Everything is Oll Korrect!

An eclectic bibliophile's journal…

Tag: Fate/Zero

Fated for Mediocrity: the Fate/Stay Night Anime

After finishing the excellent Fate/Zero anime adaptation, I decided to revisit Fate/Stay Night, the anime version, which I hadn’t seen in several years (before you visual novel people jump on me, I’m in the process of playing the VN and am a few hours into it). Though the show does have a few defenders, I’ve found that it’s much maligned by fans of the original. Though these critics often overstate their case, the show as a whole is a mediocre execution of a brilliant premise.

Starting on the technical side, the show was produced by the less-than-prestigious Studio Deen, and their work here comes out to merely competent. Most of the animation looks alright; the fights generally look decent, despite some still frames and pan-and-scan, especially in the climax. I have no complaints for the bulk of the show, but occasionally they try something odd. For example, they use split-screens several times, and at a couple points even tilt the frame sideways, as though someone dropped the camera on its side in a live-action film. Neither technique adds anything to the show, they just call attention to themselves and distract from the action.…

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Rex Quondom Rexque Futurus – Kingship in Fate/Zero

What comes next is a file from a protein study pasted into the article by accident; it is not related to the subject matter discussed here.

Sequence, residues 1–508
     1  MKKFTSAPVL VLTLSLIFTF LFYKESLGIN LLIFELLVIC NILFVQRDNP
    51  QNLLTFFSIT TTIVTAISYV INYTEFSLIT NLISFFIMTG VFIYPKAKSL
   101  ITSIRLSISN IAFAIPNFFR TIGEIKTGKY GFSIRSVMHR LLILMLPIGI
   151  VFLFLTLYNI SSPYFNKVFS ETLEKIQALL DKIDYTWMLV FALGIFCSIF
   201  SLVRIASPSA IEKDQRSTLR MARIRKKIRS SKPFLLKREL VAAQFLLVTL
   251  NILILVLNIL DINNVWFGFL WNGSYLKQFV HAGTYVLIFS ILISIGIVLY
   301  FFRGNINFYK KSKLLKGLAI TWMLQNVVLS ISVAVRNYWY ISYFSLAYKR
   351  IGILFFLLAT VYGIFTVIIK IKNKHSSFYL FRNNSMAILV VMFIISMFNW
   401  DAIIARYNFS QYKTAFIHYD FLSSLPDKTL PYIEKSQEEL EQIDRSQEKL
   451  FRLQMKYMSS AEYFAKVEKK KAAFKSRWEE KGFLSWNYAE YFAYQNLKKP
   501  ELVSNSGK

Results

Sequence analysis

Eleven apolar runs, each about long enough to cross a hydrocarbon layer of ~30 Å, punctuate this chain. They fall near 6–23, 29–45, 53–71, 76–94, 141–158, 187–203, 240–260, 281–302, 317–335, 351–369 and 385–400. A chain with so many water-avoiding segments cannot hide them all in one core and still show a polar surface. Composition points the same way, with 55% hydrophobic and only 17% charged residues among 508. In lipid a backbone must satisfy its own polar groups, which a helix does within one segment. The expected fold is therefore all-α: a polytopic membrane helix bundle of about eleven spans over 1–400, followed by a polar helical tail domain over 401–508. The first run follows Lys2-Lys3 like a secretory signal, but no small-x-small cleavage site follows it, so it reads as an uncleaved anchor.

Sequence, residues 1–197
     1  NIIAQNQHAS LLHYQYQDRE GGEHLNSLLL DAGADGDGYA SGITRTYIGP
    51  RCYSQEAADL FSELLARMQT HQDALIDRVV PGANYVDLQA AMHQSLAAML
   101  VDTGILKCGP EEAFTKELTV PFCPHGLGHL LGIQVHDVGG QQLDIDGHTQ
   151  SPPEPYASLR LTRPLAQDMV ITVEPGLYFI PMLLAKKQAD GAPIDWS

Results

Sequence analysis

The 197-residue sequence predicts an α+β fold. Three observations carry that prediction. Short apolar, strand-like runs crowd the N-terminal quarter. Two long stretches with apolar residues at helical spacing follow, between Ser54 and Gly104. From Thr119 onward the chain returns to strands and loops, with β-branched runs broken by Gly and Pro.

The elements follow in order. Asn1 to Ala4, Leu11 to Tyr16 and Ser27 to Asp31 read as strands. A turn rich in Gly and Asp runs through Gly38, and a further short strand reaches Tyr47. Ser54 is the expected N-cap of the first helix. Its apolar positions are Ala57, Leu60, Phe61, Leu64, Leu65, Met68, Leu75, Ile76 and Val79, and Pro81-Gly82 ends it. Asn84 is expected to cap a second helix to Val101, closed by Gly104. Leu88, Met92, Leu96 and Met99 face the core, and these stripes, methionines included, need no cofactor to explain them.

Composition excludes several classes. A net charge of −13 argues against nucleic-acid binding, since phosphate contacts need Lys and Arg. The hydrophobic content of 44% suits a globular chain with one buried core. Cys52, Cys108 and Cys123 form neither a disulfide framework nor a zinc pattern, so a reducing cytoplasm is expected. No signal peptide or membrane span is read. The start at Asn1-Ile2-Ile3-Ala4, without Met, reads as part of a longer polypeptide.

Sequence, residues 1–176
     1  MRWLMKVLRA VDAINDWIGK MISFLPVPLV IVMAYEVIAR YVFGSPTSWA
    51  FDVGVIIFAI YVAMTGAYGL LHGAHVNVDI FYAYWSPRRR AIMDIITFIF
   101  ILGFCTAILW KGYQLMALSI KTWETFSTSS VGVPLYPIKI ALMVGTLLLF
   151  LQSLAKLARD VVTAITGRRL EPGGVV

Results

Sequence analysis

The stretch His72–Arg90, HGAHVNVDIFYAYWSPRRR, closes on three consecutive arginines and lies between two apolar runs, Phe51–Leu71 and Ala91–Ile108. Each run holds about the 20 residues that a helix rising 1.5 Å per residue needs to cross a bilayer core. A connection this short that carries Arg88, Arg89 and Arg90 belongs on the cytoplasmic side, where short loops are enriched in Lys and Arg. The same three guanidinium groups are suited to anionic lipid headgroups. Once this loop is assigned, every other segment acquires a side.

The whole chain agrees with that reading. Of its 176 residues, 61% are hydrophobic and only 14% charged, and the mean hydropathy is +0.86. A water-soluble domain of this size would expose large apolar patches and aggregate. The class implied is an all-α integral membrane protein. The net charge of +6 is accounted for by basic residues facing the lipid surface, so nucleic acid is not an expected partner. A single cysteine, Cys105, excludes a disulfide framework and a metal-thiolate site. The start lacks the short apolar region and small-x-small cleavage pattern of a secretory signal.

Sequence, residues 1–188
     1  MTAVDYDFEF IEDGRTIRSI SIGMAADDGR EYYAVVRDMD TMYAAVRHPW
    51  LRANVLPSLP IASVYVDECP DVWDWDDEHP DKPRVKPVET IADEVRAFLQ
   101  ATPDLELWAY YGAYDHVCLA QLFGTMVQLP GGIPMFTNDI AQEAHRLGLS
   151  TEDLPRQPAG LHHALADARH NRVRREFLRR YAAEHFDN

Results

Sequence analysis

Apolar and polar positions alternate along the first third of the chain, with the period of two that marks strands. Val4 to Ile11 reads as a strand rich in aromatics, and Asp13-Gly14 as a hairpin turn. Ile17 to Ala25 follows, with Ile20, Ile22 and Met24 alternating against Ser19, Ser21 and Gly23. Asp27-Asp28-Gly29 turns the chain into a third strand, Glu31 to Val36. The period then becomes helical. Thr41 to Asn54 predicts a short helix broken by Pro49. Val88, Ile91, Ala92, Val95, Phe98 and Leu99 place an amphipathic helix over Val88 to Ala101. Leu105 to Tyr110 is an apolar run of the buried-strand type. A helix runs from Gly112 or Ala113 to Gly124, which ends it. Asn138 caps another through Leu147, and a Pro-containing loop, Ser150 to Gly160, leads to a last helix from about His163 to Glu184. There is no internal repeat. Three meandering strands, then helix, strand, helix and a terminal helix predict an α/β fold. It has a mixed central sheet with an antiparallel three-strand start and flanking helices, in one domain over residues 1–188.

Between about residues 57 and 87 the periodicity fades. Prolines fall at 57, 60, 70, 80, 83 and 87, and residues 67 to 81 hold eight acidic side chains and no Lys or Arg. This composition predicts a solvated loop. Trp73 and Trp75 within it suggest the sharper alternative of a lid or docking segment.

Who can compare to him in kingliness?
Who like him can say, “I am king!” – The Epic of Gilgamesh

There are a few things that capture my interest every time they’re brought up. One is Fate/Zero, and another is monarchy. Unsurprisingly, then, one of my favourite episodes in Fate/Zero is episode eleven, “Discussing the Grail,” where the three kings, Gilgamesh, Iskander (Alexander the Great), and Saber (Arturia/Arthur), discuss over wine which among them is the greatest king and thus most deserving of the Holy Grail. I like the episode partly because of the characterisation it offers, as well as the action near the end, but also because popular culture rarely offers a lengthy discussion of kingship. It’s like fanservice for me, and though I’m probably about to give this more thought than the show’s writers – I believe Urobuchi admitted to not doing much research into these characters beyond the generalities of their stories – no self-respecting literature major can resist some overanalysis.…

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